August is an anniversary month for us here at the Museum, a time when we commemorate the establishment of the Hecox collection as the first public museum in Santa Cruz. In Laura’s story of coastal collecting and public exhibition, we find inspiration for our ongoing mission of connecting people to the natural world. However, this August, coming up on the one year anniversary of the devastating CZU Lighting Complex fires, we reflect on a different collector. In the story of Humphrey Pilkington, we trace a history of not only connecting to the natural world, but to a community fighting to protect it.
As many folks know, today’s Seabright was shaped, in part, by various members of the Pilkington family. From Thomas Pilkington, who developed beachfront Seabright into summer spot Camp Alhambra in the 1880s, to Thomas’ son James who built the first bathhouse at Castle Beach, to James’ brother T.B. who subdivided the family property, naming Pilkington Avenue in the process. But it is Thomas’ nephew Humphrey whose legacy secured the Museum’s home here in Seabright.
John Humphrey Blakey Pilkington was born in Illinois around 1858, emigrating to Santa Cruz with his parents in 1871. As a young man Humphrey studied agriculture at the University of California — knowledge he would put to work on his family’s orchards above what is now Delaveaga Park. His love for the landscape was not restricted to agriculture. Humphrey was well known for organizing walks from Watsonville through the mountains to San Jose, leading vacationers on tours of Yosemite, and co-hosting an annual picnic under the canopies of the beloved Big Trees.
The turn of the 18th century was an invigorating time for lovers of the local redwood forests — an 1899 fire galvanized community commitment to conservation, with folks like writer Josephine McCracken and photographer Andrew P. Hill pooling their talents to advocate for preservation of old growth redwood trees. The founding of the Sempervirens Club and the support their members drummed up were critical to the birth of California Redwoods State Park in 1902.
In July of 1903, Humphrey Pilkington started as warden of the park, whose name was not officially changed to Big Basin until 1927. Local papers praised this choice, including the Santa Cruz Evening Sentinel, which noted in April 1903 that “The people of Santa Cruz county take a pardonable pride in everything that pertains to [Big Basin] and they are naturally interested in seeing its management placed in the hands of careful, conscientious and competent men.”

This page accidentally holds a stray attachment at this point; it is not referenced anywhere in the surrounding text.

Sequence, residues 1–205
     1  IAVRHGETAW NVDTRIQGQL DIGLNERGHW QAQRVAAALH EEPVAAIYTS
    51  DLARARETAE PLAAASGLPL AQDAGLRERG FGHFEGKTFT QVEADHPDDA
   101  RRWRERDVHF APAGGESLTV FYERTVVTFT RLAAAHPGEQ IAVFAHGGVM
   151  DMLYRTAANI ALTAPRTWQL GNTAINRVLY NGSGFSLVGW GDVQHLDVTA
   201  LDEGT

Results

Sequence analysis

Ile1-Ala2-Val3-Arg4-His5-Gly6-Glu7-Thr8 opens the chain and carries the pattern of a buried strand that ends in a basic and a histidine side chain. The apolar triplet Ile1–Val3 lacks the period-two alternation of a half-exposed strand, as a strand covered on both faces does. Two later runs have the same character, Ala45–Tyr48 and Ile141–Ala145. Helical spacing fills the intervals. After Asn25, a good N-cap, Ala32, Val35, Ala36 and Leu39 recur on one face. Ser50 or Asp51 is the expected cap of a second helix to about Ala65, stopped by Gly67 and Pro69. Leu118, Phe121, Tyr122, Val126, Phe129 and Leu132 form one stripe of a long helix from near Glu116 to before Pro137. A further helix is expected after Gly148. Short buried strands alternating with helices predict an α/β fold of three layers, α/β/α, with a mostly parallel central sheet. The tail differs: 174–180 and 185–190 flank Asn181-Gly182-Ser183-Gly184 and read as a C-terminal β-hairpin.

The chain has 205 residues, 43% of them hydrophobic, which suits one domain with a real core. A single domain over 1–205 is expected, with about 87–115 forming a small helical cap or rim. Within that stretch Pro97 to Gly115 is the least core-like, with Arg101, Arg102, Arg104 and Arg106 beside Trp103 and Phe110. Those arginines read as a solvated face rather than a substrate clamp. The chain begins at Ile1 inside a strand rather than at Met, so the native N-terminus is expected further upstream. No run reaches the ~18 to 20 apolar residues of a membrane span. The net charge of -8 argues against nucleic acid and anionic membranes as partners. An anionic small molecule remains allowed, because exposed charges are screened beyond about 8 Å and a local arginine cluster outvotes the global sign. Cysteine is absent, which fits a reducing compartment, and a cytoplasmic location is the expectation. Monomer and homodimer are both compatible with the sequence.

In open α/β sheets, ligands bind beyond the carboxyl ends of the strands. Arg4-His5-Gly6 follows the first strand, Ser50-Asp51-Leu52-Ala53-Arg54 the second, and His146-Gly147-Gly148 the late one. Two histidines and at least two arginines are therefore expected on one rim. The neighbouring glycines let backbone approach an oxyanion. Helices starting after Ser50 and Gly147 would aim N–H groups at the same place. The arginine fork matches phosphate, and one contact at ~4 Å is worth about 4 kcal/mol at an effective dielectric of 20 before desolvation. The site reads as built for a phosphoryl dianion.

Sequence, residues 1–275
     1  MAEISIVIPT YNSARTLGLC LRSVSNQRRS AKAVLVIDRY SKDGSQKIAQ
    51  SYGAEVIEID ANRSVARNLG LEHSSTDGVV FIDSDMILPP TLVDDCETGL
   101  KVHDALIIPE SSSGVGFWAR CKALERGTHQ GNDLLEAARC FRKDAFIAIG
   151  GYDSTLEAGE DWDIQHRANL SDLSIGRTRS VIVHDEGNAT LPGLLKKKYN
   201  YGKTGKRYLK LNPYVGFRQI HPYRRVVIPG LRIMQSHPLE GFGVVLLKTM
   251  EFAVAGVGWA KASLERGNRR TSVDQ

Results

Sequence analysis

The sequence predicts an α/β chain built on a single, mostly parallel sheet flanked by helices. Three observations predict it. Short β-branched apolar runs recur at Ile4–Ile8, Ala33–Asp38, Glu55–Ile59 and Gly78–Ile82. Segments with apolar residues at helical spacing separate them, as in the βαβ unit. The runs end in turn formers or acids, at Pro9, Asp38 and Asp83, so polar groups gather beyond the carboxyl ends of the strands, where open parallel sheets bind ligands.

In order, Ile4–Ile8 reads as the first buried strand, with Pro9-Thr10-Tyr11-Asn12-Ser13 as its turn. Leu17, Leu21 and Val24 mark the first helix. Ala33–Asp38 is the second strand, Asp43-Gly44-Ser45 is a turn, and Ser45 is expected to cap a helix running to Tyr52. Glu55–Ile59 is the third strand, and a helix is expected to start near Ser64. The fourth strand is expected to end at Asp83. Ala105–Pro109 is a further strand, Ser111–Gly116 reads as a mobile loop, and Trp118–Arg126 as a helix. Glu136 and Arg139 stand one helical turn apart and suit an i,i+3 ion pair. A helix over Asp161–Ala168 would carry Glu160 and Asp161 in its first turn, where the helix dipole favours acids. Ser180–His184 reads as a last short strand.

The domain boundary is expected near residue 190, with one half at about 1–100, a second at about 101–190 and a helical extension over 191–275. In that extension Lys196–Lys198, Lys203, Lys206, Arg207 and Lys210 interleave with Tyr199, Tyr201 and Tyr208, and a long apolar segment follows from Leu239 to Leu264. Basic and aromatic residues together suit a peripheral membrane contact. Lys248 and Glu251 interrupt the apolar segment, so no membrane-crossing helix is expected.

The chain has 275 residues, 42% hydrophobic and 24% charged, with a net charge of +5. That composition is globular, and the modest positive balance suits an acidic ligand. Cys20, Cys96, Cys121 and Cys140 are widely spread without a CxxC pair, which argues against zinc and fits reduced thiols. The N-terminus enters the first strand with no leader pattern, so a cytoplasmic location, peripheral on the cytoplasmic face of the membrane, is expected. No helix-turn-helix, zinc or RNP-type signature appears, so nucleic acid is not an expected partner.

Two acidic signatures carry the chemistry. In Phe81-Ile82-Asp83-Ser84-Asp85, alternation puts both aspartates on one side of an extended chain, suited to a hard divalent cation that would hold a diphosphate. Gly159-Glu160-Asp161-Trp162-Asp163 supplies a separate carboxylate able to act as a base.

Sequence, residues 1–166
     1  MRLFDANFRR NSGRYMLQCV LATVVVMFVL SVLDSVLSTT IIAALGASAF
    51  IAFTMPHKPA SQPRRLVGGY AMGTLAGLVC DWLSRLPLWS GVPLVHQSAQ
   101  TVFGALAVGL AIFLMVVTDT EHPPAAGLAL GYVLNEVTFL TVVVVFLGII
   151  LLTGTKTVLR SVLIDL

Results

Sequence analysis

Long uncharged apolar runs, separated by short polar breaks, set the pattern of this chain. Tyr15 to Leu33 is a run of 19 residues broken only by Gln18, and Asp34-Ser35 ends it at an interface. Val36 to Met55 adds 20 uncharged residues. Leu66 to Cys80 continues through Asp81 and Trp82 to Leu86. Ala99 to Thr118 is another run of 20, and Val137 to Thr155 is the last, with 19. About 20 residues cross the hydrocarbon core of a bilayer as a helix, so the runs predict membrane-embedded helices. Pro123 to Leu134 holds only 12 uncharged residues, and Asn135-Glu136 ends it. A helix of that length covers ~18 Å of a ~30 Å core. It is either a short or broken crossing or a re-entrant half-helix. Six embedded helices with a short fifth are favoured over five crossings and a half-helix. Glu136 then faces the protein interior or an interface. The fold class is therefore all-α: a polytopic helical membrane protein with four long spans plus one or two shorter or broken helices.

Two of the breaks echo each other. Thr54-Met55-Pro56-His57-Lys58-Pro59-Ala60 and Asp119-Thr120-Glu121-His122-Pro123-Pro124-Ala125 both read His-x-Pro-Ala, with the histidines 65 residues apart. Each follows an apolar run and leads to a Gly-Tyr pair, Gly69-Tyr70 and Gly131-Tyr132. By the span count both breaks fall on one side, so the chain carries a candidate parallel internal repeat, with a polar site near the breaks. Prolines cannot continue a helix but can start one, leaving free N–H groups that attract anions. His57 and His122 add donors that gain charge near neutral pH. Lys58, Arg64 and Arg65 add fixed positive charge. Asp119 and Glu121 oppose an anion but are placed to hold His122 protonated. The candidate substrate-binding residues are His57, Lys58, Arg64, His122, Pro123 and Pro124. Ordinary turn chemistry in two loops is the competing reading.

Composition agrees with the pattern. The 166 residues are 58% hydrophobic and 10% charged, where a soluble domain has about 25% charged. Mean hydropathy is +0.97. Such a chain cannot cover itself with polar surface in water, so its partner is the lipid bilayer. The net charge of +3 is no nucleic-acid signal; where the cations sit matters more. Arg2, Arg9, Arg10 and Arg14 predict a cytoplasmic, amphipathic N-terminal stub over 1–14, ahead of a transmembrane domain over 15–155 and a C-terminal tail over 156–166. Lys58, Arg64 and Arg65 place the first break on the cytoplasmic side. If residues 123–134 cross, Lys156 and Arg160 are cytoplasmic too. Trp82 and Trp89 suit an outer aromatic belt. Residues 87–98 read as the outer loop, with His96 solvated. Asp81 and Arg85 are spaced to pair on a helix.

In addition to his work as an orchardist and forester, as well as various civic posts, Pilkington brought to the table years of voluntary service for the Santa Cruz Fire Department. These were fortunate skills to have in an unfortunate time — in September 1904, another fire swept through the mountains. Burning for 20 days, this fire proved famously stubborn, even reigniting into the following year. Impacting more than 3,000 acres of the park, the fire fueled fear and heartbreak even amongst those whose homes and lives were not in direct danger.
In the midst of the fight, Warden Pilkington did not change his clothes or sit down to a meal for nine days. Composed of up to 100 volunteers, firefighting crews focused their efforts on Governor’s Camp. This set of buildings was originally built to share the wonder of the Big Basin area with visiting California governors, in order to inspire government support for the park. They were ultimately successful, and these park buildings would later be developed into structures like the Campfire bowl, featured on this popular postcard. Last year’s CZU Lightning Complex fires echoed this historic fire, but with more intensity, given the current climate. The CZU fires burned through 97% of the park, sparing none of the contemporary structures that enhanced park access, which now must be reimagined.
Despite his widely praised management of the park, Pilkington was replaced as Warden in 1907 for political reasons. Ironically, while Pilkington had heroically fought the 1904 fire as the first warden of a California state park, his successor Sam Rambo would be found complicit in schemes to remove living trees under the guise of cleaning up damage from the 1904, and was the first state park warden to be fired in disgrace.
Pilkington’s departure from guardianship of the park did not extinguish his interest in nature, and he continued to be a student and collector of natural history. However, the collection he bequeathed to the City of Santa Cruz upon his death consists mostly of Indigenous stone tools and baskets. He developed his collection at a time when many EuroAmerican collectors were engaged in obtaining objects made by Native Americans under the racist impression that they were primitive peoples on the verge of extinction. For a bigger discussion of these collecting traditions and how they shape today’s museum collections, check out our November 2020 blog on Made for Sale Baskets.
This collection was integral to the formation of our Museum here in Seabright. Pilkington’s gift was conditional upon the establishment of a formal museum, and the community rallied around the formation of a Museum that combined the Hecox collection and others under one roof where they could be better cared for.
As we reflect this August, we are saddened by the ongoing losses from the CZU fire, both personal and communal. We are interested in educating ourselves about the changing landscape. And most of all, we are encouraged to see the community rally around each other and their environment, from ongoing fundraising efforts for those impacted by CZU, to the reimagining of Big Basin, to our community science project on the impact of the fires on the natural world. For more resource on fire preparedness, recovery, and ecological understanding, check out our upcoming CZU and You program series.
Written by Kathleen Aston, Collections Manager